• Pinch Grip: The pinch grip is a grip where you don't touch what your grip with your palms. This is done by doing plate carries as you walk.
  • Support Grip: The support grip is where you hold something, like carrying a bucket full of paint, or even a farmer's walk. This is one of the more powerful grip training exercises to utilize.

While we are really biased in favor of prioritizing the support grip the most, let's dive into the best exercises for each.

Crush Grip: Hand Grip Strengtheners

Hand Grip strengtheners are probably the best exercise you can do to build crush grip strength. This is quite simply because they are made to be squeezed, and they are probably the best way to strengthening your grip strength in this way.

Pinch Grip: Plate Carries

Plate carries focus on building pinch grip strength by carrying the plate with your fingers and thumbs (without using your palms).

This is incredibly hard to do with heavy plates in the beginning, so you might want to start small. For added challenge, try adding an additional plate to extend the length of your grip.

Support Grip: Farmer's Walks

The Farmer's Walk is quite notably one of the most powerful grip strengthening exercises out there. It's one of those exercises that not only will help your big lifts (Squat, Bench, and Deadlift), but it will allow you to handle various everyday tasks.

The Farmer's Walk builds the following muscles:

  • Forearms: The main topic of this post. Farmer's walks will build strength and stabilization in the forearms. It will build larger, denser, and stronger forearms as well as improving the overall health of these muscles.
  • Trapezius: When carrying heavy weight, your trapezius muscles are being stretched as your arms are carrying the weight.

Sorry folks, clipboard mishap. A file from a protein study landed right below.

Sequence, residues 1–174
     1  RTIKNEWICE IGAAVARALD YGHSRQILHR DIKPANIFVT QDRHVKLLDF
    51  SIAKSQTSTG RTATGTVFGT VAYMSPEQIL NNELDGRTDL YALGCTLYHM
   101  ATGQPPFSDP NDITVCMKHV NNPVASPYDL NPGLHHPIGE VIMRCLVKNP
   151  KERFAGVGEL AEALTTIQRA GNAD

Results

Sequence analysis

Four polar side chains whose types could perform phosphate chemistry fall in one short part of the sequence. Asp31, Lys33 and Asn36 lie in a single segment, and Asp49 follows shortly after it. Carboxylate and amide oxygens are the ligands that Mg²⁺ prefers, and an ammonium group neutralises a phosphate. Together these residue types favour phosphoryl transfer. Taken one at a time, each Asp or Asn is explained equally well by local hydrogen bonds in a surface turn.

• Upper Back Muscles: When doing heavy farmer's walks, you will also utilize your upper back muscles to keep your posture strong. It will also help build strength in your spinal erectors, your lats, and many of the other intricate back muscles.
  • Abdominals: The farmer's walk allows us to build core strength and overall stabilization of your abdominal muscles. For example, I have done single arm farmer's walks which force me to keep balance so that I don't lean to one specific side. This strengthens and stabilizes the opposite side's core significantly.

Lastly, you should utilize farmer's walks at 1-2 days per week at most. Heavy short runs and light long runs should be mixed, with three working sets maximum.

Build That Grip

Ultimately one of the best benefits from building grip strength is not the carryover to your other lifts... it's the ability to open a pickle jar in confidence.

We all know that one buff dude that's a glass cannon.

We're not just about looking good, we want to feeling good and strong.

Reforged Legion! I wanted to take the time to thank you for reading this post! Any questions, comments, recommendations, or insights? Throw them in the comments below, or email me at tony@reforgedperformance.com.

Until next time, Reforged Warriors.

Go out there and seize your destiny!

Tony Gjokaj
Tony Gjokaj

Tony is the Owner of Reforged Performance Nutrition. He has been in the fitness space for over a decade, previously coaching individuals in body recomposition and strength training. His goal is to connect others with the knowledge they need to reach their greatest potential.